Comments of Global Tel*Link Corporation at 12.
Comments of Securus Technologies, Inc. at 9.
Comments of Pay Tel Communications, Inc. at 9.

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make it more reliable and to eliminate gamesmanship on behalf of some ICS providers. The data
should be made public to allow for greater transparency in the ICS industry.
CenturyLink “does not believe that the benefits of such submissions justify the costs.” 39 HRDC
reminds the Commission that it was only able to obtain any level of cost data in this proceeding
through a mandatory data collection; most ICS providers have not voluntarily provided their cost
data required for the FCC to ensure that ICS rates and fees are fair, just and reasonable. HRDC
believes that the economic and emotional costs to prisoners and their families that result from the
egregious business practices created when ICS providers are not required to submit their actual
cost data far outweigh this modest imposition on the telecoms. These supposedly high-tech
companies should not have such a difficult time quantifying their costs to the Commission. To
suggest that for-profit companies do not have their cost and profit data readily available defies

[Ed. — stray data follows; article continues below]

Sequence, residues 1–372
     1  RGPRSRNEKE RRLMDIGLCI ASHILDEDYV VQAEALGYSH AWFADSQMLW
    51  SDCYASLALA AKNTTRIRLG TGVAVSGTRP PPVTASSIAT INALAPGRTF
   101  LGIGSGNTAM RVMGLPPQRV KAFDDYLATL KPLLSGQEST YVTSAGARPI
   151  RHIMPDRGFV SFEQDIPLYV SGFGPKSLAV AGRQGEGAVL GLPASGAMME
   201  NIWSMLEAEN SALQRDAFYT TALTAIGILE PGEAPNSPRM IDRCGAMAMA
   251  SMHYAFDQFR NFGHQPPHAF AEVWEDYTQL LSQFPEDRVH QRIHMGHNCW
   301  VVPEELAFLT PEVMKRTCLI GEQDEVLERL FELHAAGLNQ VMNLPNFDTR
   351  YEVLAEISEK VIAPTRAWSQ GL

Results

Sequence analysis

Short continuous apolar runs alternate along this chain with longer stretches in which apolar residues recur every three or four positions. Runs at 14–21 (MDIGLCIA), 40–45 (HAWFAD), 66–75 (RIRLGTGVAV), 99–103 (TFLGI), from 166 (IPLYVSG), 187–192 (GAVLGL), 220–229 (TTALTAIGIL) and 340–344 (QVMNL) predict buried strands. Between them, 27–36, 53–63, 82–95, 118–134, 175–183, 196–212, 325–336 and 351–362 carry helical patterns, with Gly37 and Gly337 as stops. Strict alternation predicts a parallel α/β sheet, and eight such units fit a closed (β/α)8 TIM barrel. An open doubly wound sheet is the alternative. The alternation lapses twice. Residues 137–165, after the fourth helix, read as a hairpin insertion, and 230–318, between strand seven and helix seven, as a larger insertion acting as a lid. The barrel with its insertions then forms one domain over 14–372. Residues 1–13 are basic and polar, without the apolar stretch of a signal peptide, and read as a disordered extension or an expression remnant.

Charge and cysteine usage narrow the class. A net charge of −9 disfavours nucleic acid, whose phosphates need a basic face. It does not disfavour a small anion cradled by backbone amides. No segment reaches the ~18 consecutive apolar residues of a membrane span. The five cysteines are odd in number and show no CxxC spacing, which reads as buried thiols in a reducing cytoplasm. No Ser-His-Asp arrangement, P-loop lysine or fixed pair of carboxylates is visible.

belief; certainly such data is available internally and to their investors.
D. Contract Filing Requirement
The comments of the ICS providers with respect to a contract filing requirement mirror their
feelings about recurring data collection: they don’t want to do it and don’t see any benefit. The
benefit, however, is to consumers and the organizations that advocate on their behalf. Prior to
2009 when HRDC began the tedious and time-consuming effort of collecting ICS contracts
through public records requests at the state and federal prison system levels, the data contained in
the contracts had never been made publicly available. Prison phone rate and fee data is critical to
prisoners and their families; many families must make choices between paying rent, buying
groceries, paying utility bills or being able to let children speak to an incarcerated parent. It was
only after HRDC publicly posted the data it had collected at considerable time and expense 40 that
the Commission, consumers and other advocacy organizations could begin to see how prisoners
and their families were being financially exploited.
There is still a deficit of data in the public realm about ICS contracts and kickbacks relative to
jails. While ICS providers have this information easily available to them, no one outside the
government has the ability or resources to obtain over 3,000 ICS contracts from all the jails
across the country. This when the National Sheriffs’ Association and its members come to the
FCC to complain about having their stream of ICS kickbacks impeded, though there is no real
information in the public record about just how large that stream of kickbacks actually is. This
lack of transparency must end.
GTL comments that the burden imposed on ICS providers to file their contracts with the FCC
“overwhelmingly outweighs any purpose or anticipated consumer benefit of such a requirement.” 41 GTL also states that the Commission concluded that the data and contract filing